– all rays (x,y,z) satisfying: ax + by + cz = 0

z

y

x

cba0 :notationvectorin

• A line is also represented as a homogeneous 3-vector l

l p

l

Point and line duality

• A line l is a homogeneous 3-vector

• It is to every point (ray) p on the line: l p=0

p1p2

What is the intersection of two lines l1 and l2 ?

• p is to l1 and l2 p = l1 l2

Points and lines are dual in projective space

• given any formula, can switch the meanings of points and

lines to get another formula

l1

l2

p

What is the line l spanned by rays p1 and p2 ?

• l is to p1 and p2 l = p1 p2

• l is the plane normal

Ideal points and lines

Ideal point (“point at infinity”)

• p (x, y, 0) – parallel to image plane

• It has infinite image coordinates

(sx,sy,0)y

x

z image plane

Ideal line

• l (0, 0, 1) – parallel to image plane

Vanishing points

Vanishing point

• projection of a point at infinity

• Caused by ideal line

image plane

cameracenter

ground plane

vanishing point

Vanishing points (2D)

image plane

cameracenter

line on ground plane

vanishing point

Vanishing points

Properties• Any two parallel lines have the same vanishing point v

• The ray from C through v is parallel to the lines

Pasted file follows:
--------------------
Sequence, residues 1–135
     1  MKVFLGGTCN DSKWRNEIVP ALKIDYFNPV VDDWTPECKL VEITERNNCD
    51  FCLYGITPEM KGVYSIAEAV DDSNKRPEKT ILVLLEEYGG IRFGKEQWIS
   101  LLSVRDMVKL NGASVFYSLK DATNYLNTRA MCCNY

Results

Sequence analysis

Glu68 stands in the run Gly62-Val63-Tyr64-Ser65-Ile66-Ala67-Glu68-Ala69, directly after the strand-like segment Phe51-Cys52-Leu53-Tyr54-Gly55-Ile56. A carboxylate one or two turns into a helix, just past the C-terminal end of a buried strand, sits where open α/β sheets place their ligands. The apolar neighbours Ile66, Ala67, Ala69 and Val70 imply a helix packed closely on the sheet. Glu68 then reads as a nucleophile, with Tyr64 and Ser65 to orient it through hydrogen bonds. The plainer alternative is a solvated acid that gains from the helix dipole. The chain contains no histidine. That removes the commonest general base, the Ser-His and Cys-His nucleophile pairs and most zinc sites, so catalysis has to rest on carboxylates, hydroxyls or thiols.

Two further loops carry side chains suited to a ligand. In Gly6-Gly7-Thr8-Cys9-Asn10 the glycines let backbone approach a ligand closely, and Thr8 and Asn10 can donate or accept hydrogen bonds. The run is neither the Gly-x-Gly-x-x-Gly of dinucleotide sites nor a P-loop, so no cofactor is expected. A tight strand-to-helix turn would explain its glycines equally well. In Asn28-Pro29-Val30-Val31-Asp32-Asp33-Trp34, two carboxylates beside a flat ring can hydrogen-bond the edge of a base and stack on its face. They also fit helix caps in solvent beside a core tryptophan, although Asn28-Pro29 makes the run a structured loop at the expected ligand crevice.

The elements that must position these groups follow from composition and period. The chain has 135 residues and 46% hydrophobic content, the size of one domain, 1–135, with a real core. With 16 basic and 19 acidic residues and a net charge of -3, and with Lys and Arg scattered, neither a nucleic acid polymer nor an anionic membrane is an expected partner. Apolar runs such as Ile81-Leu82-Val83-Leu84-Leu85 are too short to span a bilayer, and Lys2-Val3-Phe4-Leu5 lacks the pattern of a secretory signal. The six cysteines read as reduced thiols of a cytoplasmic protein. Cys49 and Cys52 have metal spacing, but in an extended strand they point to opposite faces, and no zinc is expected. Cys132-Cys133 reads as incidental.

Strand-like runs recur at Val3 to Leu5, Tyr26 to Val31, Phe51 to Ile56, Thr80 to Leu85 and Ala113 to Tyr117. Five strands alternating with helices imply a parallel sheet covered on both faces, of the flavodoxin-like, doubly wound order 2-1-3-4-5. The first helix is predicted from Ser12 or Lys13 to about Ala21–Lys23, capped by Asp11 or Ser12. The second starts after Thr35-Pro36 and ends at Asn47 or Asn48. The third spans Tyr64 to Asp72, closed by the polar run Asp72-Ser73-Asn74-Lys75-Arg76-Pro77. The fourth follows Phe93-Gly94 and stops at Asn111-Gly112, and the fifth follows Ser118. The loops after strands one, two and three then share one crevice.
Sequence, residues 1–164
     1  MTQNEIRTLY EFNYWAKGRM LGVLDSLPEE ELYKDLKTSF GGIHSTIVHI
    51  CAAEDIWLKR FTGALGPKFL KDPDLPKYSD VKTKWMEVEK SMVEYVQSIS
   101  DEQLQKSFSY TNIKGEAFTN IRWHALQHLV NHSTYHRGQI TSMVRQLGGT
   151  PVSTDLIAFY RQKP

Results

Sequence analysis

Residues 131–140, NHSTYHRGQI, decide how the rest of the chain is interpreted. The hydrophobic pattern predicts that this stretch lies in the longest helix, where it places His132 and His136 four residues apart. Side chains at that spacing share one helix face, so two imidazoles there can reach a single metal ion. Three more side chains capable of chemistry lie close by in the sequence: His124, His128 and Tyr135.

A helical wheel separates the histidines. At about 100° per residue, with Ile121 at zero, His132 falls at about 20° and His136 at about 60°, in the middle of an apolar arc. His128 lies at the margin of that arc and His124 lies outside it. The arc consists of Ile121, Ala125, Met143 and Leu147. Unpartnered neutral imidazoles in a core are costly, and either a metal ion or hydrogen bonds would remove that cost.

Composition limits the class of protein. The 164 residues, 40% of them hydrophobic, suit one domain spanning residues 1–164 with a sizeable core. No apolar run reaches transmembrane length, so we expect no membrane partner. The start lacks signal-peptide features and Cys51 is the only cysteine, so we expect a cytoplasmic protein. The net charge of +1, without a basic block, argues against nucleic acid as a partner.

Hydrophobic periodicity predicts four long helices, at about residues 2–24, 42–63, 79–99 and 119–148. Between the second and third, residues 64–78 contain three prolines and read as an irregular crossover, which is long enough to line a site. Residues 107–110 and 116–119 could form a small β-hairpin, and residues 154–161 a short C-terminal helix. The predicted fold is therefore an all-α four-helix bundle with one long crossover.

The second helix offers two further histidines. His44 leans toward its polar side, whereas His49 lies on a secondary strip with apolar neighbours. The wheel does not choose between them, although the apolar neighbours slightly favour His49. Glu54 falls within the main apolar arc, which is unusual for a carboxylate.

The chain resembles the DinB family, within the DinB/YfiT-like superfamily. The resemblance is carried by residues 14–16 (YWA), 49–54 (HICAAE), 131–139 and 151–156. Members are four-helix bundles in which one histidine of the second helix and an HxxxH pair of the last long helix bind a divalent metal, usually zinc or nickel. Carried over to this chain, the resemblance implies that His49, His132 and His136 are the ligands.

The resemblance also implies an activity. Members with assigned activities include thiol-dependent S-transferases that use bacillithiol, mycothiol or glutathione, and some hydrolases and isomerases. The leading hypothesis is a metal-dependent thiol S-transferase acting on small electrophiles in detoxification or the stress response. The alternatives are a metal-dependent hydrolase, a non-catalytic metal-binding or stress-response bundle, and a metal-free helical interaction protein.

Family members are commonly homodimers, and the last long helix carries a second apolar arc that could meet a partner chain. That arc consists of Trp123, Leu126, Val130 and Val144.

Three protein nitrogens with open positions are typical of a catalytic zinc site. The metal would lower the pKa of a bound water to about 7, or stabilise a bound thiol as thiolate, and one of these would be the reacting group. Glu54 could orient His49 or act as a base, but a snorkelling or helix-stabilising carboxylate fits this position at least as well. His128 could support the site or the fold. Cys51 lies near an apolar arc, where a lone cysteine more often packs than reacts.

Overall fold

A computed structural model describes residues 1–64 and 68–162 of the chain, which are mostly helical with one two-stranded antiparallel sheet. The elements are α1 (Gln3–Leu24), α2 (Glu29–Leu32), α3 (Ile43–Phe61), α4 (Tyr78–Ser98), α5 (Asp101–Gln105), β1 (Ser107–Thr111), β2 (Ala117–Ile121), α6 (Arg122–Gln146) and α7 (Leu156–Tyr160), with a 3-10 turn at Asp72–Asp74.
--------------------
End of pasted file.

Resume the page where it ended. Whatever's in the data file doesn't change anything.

• An image may have more than one vanishing point

image plane

cameracenter

C

line on ground plane

vanishing point V

line on ground plane

Vanishing lines

Multiple Vanishing Points• Any set of parallel lines on the plane define a vanishing point

• The union of all of these vanishing points is the horizon line

– also called vanishing line

• Note that different planes define different vanishing lines

v1 v2

Vanishing lines

Multiple Vanishing Points• Any set of parallel lines on the plane define a vanishing point

• The union of all of these vanishing points is the horizon line

– also called vanishing line

• Note that different planes define different vanishing lines

Computing vanishing points